Another case is Canon LXX of the Sixth Council (Quinisext), which states that ‘women may not talk during the Liturgy’. This refers of course to chatting during the service (which at the time was done by certain women in some places). Now misogynists like Makrakis (and some other Greeks especially) have taken this up and interpreted it as if women were not allowed to sing in church! It would be funny, if it were not sad. In any case, if followed, it would mean that the whole of the Russian Church is also uncanonical.

On the other hand, there is Canon XXI of Antioch which say that bishops must stay in the diocese originally appointed for them, ‘even though he is forced to do so by coercion on the part of bishops’. Yet virtually every Orthodox bishop in the contemporary Orthodox world has changed dioceses, if not once, then again and again. For example, our own St John of Shanghai/Paris/Brussels/San Francisco. There are many other examples of canons simply not being applied, and for good reasons.

Then there is Canon LXXX of the (Quinisext) Sixth Universal Council which excommunicates anyone ‘living in the City’ who does not attend church for three consecutive Sundays. Does this mean that virtually all urban Orthodox are excommunicated?

Canon CI of the same Council says that laypeople must take communion in their hands. Again, does this mean that all laypeople are now excommunicated, since none does this today?

There are many, many other examples. Literalism is not helpful: context, interpretation and discernment are all-important with the canons.

Q: What is the most difficult thing for you in the priesthood?

A: I think it is to combine softness with hardness. This is a problem of discernment, especially important at confession. You have to know when to follow the strict rule and when to be indulgent. This does not come from me, for Christ already spoke to the disciples about it: ‘Behold, I send you forth as sheep in the midst of wolves: be therefore as wise as serpents and harmless as doves’ (Matt. 10.16-17). The weak and cowardly should not be ordained. St Paisios said that the present generation is incapable of struggling. This is a real problem.

Q: To what extent can there be variations in Church life? I see also sorts of people, anti-vaxxers, pro-vaxxers, traditionalist, modernists. Is that all legitimate?

A: There has always been room for variation inside the Church, for ‘left’ and ‘right’. In Constantinople itself there were always two parties, ‘the Blues’ and the Greens’. Let people be anti-vaxxers or pro-vaxxers, but they should not try and impose their views of whatever side on others as some sort of dogma or as a reason to break off communion with those who disagree with them. Let us have more tolerance!

All Orthodox agree about what is in the Creed (that is why we are not Roman Catholics or Protestants), but there is room for different views about what is not in the Creed, which is left for intelligent and humble debate. Without that, the Church is a dead ghetto, not living at all, but paralysed and dies out. On the other hand, to fall out of communion with one another, just because you do not have identical views about secondary matters, is wrong.

For example, in the emigration, there were highly-westernised Saint Petersburg aristocrats (some of them already had property in France before the Revolution), freemasons and philosophers, who had helped overthrow the Tsar. Their freemason descendants in the emigration stayed under Constantinople even after reunion with the Mother-Church in 2019 (and because there was reunion: we fought for 30 years for that reunion).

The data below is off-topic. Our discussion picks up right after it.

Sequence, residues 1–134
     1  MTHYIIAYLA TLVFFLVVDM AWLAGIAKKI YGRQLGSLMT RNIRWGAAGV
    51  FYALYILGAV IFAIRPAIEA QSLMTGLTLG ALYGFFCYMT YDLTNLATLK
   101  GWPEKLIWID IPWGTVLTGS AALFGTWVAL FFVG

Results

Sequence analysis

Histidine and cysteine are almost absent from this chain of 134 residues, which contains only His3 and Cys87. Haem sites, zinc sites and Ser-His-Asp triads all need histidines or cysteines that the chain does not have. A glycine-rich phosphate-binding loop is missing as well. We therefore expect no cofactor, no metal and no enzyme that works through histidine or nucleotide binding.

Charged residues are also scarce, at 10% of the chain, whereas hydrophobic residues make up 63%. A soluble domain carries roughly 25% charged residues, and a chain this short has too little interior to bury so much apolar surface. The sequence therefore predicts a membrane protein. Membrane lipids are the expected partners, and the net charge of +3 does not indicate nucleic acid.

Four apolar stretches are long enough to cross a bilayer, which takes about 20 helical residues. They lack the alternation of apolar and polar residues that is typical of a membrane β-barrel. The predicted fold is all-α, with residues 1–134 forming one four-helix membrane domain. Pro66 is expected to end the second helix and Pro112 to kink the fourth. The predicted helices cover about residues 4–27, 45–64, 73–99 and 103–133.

On the other hand, there were extreme right-wingers (let us not forget that Gregory Rasputin was murdered by one of them, Purishkevich, also said to have been a freemason). After one of them, Fr George Grabbe, helped to put St John of Shanghai on trial in 1963, had married ‘the Tsarevich’ in New York on 30 September 1964, the Grabbe family tried to take over North American ROCOR for nearly three decades, until they left the Church. According to several writers, including the Church historian Sergei Fomin, Fr George (later Bp Gregory) was also a freemason (The Lafayette-Astoria Lodge).

In 1966 the Grabbe faction led to old calendarists taking over, which in turn led to a wave of censorious phariseeism and appalling scandals (including those of his son Antony Grabbe in Jerusalem) and schisms, in 1986, 2001, 2007, as extremists who had been taken into ROCOR inevitably left, once more moderate forces came to the fore. Yet there were people like the ever-memorable Archbishop Antony of Geneva of ROCOR who never broke communion or ceased concelebration with the moderate, non-freemason Parisians, our friends from always. It was the selfsame Parisians who led most (58% – not ‘the brothers’) of the Paris Church back to the Mother-Church in December 2019, to our great joy, and it became the Archdiocese of Western Europe. Our long-held dream had come true. We greeted this at the time in several articles.

Inside contemporary Russia we see the same trends. On the one hand, there is the pro-Protestant wing of Fr George Kochetkov and his neo-renovationism (the words of Patriarch Aleksiy II, not mine), as well as the more moderate Protodeacon Andrei Kuraev, Fr George Mitrofanov, Fr Pavel Velikanov, A. Shishkov, all of the pro-ecumenism and pro-modernism wing.

On the other hand, there you have the Stalinist (yes, Stalinist, incredibly!) right-wing, ultra-nationalist, shamefully anti-Semitic, anti-Protestant, anti-Catholic, pro-canonisation of Ivan IV and even Stalin, with their the stubborn refusal to recognise the authenticity of the relics of the Royal Family found outside Ekaterinburg decades ago, with figures like the now defrocked Sergei Romanov and the late ex-Bishop Diomid. (However, so far only the latter fell out of communion with the Church).